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How Richard Meier's Getty Center was conceived and built
When the Paul Getty Trust Fund came up in the eighties with the idea of a brand new museum in Los Angeles to house the 1600+ collection and library, they sought out the well-known architect Richard Meier, who had already designed similar projects in Frankfurt and Chicaco. This documentary traces the development of the Getty Museum, involving all parties, from the museum management to the neigbourhood, from the architect to garden designer, from the builders to the librarians.
And it was indeed a concert of wills. What makes this such a fascinating documentary is that the makers followed almost everyone everywhere, be it the local council that wants to protect the hillside (and the views!) upon which an enormous museum is planned, or a trip to the stonecutters and heated discussions about colours and textures of stoneware to be used. Richard Meier is an important architect, but the trustees also have their own ideas about museums and collections and public acceptance. It is certainly not the smoothest documentary ever made, but instead one gets indeed a fair idea of the enormous quantity and quality of thinking what lays at the heart of this gigantic museum project. And indeed, the concerted wills of all participants involved are overcoming a lot of frustration or thwarted ambitions.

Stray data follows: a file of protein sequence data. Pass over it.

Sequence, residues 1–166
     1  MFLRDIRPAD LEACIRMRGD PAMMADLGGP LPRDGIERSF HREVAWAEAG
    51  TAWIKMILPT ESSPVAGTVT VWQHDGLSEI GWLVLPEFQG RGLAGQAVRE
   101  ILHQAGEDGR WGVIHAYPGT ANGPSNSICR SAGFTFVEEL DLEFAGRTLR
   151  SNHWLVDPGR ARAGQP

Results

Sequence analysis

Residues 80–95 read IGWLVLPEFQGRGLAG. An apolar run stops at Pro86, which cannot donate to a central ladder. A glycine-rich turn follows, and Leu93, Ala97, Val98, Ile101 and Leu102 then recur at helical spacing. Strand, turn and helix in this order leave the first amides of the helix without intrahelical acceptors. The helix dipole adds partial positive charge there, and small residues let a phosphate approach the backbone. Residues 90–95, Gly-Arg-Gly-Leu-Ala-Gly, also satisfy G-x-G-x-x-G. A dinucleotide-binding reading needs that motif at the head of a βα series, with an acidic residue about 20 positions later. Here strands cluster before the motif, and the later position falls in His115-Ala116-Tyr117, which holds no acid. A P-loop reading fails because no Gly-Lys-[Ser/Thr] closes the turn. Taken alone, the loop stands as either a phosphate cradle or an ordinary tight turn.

The irony of all this is that Meier's buildings and the fantastic gardens have far outstripped the importance of the museum collection, which is just a notch or two above the mediocre. Could one speak here of a "Triumph of the Will" perhaps?
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